You can grab yourself one over at LaikaRevolution.com as well as doing all of the social media following and whatnot that’s supposed to be important. It’s a long way from my usual work, what with being pictures and not words and all, but it’s something I’ve come to love. It’s a refreshing change, really, to be able to present an image which is immediately ingested by the observer. It’s a bit more performative than writing and in a way a lot more gratifying. My original love is still words though and you can expect more on that front soon enough. This last year or so has been a fairly quiet one as far as what I’ve put out goes but there’s been a lot going on in the background and it’s gradually emerging into the light.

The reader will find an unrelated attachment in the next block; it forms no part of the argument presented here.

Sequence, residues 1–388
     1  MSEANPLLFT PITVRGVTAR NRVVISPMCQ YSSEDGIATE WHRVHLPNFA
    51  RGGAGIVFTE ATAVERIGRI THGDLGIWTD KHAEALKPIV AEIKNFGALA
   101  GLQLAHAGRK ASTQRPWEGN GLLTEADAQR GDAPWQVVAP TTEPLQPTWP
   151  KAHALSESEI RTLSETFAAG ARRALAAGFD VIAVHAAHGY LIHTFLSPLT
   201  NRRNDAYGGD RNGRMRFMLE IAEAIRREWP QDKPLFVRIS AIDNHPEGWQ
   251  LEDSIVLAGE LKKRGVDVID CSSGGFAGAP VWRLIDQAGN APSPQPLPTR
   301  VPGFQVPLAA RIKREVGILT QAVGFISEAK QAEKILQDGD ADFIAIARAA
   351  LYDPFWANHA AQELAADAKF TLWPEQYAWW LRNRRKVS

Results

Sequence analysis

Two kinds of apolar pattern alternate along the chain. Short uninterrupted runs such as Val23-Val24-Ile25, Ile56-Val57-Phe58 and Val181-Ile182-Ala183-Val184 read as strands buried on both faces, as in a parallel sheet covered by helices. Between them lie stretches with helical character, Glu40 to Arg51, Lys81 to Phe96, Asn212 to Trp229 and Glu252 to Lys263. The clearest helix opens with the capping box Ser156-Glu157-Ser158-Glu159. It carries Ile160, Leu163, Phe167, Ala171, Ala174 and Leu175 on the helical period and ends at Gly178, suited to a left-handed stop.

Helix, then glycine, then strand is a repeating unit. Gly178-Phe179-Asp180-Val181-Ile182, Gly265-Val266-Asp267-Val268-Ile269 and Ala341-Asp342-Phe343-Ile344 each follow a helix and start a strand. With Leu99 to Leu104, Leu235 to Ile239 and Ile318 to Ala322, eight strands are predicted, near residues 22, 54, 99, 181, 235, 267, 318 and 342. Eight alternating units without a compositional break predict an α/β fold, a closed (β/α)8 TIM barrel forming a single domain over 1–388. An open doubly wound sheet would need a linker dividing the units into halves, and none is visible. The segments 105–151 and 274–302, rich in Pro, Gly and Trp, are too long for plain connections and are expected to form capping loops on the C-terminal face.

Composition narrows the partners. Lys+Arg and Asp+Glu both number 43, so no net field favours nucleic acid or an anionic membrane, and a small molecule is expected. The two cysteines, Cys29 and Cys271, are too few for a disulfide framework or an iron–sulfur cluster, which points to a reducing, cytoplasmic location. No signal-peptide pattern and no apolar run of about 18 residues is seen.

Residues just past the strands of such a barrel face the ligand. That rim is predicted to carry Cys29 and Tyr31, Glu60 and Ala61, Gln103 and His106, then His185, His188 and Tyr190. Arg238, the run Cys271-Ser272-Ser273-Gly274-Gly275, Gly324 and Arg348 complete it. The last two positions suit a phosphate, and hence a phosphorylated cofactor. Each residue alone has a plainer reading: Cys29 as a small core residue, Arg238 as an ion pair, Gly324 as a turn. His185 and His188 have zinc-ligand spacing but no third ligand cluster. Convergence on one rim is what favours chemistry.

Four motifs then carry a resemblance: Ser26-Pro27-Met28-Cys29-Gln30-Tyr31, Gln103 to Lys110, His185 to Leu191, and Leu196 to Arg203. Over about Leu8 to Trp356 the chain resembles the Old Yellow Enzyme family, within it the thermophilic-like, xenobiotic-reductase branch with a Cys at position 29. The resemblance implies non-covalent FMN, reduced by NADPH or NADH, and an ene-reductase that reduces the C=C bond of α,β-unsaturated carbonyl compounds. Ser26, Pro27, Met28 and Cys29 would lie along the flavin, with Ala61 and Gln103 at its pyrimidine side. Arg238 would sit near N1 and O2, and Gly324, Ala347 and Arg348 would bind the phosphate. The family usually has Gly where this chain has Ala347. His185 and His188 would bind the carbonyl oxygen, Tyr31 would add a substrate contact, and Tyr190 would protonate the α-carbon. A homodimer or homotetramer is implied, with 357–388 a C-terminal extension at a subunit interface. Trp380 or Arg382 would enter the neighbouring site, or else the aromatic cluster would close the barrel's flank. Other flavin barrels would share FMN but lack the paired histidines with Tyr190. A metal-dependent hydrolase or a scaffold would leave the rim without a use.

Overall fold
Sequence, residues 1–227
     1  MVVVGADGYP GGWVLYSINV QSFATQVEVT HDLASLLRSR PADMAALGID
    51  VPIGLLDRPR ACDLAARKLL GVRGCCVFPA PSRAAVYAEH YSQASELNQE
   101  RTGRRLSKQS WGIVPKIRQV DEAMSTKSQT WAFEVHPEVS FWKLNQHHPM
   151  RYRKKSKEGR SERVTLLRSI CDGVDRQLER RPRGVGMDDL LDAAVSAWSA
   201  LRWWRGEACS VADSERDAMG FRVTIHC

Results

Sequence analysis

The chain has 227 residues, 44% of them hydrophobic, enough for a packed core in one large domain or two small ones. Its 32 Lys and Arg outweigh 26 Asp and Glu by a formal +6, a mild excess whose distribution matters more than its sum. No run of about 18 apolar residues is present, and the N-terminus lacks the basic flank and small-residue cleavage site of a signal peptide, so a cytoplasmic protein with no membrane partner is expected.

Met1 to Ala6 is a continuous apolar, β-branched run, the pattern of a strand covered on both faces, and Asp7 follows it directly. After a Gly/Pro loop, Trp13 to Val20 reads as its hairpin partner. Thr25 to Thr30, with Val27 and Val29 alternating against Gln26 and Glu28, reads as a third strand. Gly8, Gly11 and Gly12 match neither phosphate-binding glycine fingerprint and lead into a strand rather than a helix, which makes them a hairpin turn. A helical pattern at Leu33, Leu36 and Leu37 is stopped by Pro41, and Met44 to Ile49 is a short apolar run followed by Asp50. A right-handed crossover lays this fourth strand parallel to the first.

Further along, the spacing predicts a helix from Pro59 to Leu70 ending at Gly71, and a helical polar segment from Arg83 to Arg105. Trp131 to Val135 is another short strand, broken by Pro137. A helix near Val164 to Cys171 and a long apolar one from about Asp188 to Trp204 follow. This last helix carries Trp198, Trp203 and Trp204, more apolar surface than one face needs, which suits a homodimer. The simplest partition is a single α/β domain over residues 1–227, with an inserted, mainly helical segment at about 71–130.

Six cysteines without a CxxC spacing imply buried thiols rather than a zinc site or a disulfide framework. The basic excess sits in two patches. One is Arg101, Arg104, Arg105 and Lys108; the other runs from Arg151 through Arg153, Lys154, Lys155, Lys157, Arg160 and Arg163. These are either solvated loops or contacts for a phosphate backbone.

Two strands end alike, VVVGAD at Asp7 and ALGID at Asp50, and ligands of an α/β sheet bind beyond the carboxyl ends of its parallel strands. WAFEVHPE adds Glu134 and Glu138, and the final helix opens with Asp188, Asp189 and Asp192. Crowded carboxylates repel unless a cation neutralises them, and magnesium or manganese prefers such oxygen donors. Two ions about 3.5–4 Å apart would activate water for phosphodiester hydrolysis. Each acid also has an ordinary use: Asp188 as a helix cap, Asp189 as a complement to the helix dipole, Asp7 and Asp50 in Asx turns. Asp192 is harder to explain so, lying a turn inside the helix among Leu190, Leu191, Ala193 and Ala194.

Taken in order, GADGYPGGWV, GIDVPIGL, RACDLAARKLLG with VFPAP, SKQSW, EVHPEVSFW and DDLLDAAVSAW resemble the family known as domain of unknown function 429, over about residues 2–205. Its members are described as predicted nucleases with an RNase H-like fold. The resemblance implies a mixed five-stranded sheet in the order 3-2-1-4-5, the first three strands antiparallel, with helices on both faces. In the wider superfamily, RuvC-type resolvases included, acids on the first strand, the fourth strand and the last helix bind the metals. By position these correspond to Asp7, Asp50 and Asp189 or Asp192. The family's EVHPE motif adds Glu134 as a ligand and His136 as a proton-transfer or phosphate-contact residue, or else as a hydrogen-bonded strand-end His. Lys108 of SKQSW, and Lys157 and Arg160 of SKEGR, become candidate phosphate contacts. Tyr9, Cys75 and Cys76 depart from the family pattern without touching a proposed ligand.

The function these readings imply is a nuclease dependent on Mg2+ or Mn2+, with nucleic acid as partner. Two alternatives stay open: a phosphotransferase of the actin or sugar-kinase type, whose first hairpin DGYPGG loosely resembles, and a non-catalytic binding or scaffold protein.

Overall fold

Anyway, check out the shirts and design/art stuff. And the books. And everything.

Breaking the Silence

Two Tone the Cat - Post Apocalyptic Bastard

Been a while since I posted anything up here. Been a while since I wrote anything in fact, anything worth sharing at any rate.

Just over a year ago now I was in Nepal finishing up a novel. A novel which is currently squatting malignantly in the basement levels of my mind, either done or completely undone, depending on what day of the week I think about it. I also have a novella finished, a sequel to Laikanist Times and the second part of what I hope to make a trilogy. But again, I’m doing nothing with it beyond skirting my thoughts around it.